‘Back to Alif’: Nada Abdallah’s Art Is Inspired by the Holy Letter of the Arabic Alphabet

(The opinions expressed in this article are those of the author and do not necessarily reflect those of Al-Fanar Media).

On the surface, it is the first letter of the Arabic alphabet, with a numerical value equaling number 1. But the letter frames different concepts. It signifies God, the only One, the First, the Beginning and the Last.

It is the letter alif of the Arabic alphabet that has captivated the artist Nada Abdallah. To this letter she has devoted her energy, time, skill and knowledge of Arabic calligraphy.

Abdallah does not hide her devotion to this letter. “Alif is the beginning, the first letter of the Arabic alphabet and the first letter of the name Allah,” she says.

“Back to Alif” was the title of Abdallah’s recent solo exhibition held at Rawaq Gallery in the College of Fine Arts and Design, University of Sharjah, as part of celebrations to mark the Sharjah Calligraphy Biennial

She chose the letter to show the beauty of Arabic calligraphy, demonstrate its history, styles and forms.

Her calligraphic works of alif come in different shapes, and can be seen on posters, sculpture, murals and animation.

“Transformation in the Arabic script styles can be observed in the alif of each script. With different measures and the vertical elevation of the letter, the signature of the style can be detected.”

“Transformation in the Arabic script styles could be observed in the alif of each script,” she says. “With different measures and the vertical elevation of the letter, the signature of the style can be detected. “

“The alif acts as the symbol of the script through which the experts can discern the style and type of script.”

Religious Significance

Abdallah’s artwork focuses on discovering the Kufic alif and demonstrating the possibility of spawning new styles using the latest media, digital design, and technology.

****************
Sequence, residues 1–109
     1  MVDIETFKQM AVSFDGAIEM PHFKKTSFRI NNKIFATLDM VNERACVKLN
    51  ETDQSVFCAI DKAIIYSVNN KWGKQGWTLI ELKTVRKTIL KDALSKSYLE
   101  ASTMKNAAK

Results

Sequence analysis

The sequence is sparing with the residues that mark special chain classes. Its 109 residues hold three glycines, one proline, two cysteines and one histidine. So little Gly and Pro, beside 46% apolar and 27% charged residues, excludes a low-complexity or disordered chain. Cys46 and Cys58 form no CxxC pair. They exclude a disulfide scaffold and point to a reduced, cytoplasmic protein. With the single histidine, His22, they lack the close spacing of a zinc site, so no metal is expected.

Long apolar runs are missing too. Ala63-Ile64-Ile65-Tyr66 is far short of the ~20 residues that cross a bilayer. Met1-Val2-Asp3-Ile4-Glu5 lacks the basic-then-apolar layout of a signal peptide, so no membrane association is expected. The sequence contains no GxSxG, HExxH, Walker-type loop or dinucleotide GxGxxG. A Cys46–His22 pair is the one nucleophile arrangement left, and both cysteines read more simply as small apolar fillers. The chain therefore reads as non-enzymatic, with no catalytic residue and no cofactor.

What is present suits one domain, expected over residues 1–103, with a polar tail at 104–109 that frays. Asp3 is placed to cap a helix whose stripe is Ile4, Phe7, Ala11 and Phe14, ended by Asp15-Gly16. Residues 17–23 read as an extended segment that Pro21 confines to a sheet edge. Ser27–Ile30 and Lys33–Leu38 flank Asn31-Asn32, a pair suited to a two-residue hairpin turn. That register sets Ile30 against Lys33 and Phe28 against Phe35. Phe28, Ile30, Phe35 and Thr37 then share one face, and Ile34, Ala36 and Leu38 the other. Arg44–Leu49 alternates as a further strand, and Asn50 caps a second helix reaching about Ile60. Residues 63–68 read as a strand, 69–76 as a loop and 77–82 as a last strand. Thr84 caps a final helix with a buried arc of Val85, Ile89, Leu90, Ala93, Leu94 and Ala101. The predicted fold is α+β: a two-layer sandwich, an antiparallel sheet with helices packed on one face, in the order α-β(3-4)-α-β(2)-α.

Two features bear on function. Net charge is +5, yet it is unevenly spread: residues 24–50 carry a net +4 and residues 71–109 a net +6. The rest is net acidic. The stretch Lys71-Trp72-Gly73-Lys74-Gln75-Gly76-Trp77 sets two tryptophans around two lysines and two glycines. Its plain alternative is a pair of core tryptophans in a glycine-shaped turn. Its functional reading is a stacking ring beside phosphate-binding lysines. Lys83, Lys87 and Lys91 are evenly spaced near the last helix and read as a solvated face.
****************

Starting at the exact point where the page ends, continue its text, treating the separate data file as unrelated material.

“Each line of alif starts with a sequence of dots and moves upward or descends downwards to form a vertical line of the sacred letter,” she says. “In turn, the letter morphs into different molds based on the script used.”

In the earliest manuscripts, the primary Kufic alif was short and bold, “reflective of the focus on the religious content rather than the visual,” she says.

In her artwork, Abdallah has transformed her fascination and devotion to alif into elegant elevated vertical strokes.

 “Alif’s journey from east to west, and from past to present, highlights the layers of development,” she says.

The Influence of Kufic Script

The Kufic script, a calligraphic script to which Ms. Abdallah is so attached, is thought to have been invented in the seventh century in the southern Iraqi city of Kufa.

The script reached its peak in the ninth century, illuminating Quranic manuscripts, parchments, inscriptions on tombstones, architectural decorations, bows and coins.

The Kufic script comes in different types and characteristics. Some of the most notable types of Kufic are Fatimid, Qairawani and Mamluki, among others, each designating a Muslim dynasty or a geographical locality of the Muslim world.

The Kufic script is renowned for its decorative style and motifs, with its foliated, knotted, floriated, square, and other types coupled with characteristics that can be unique, angular, rectilinear, horizontal, and playful.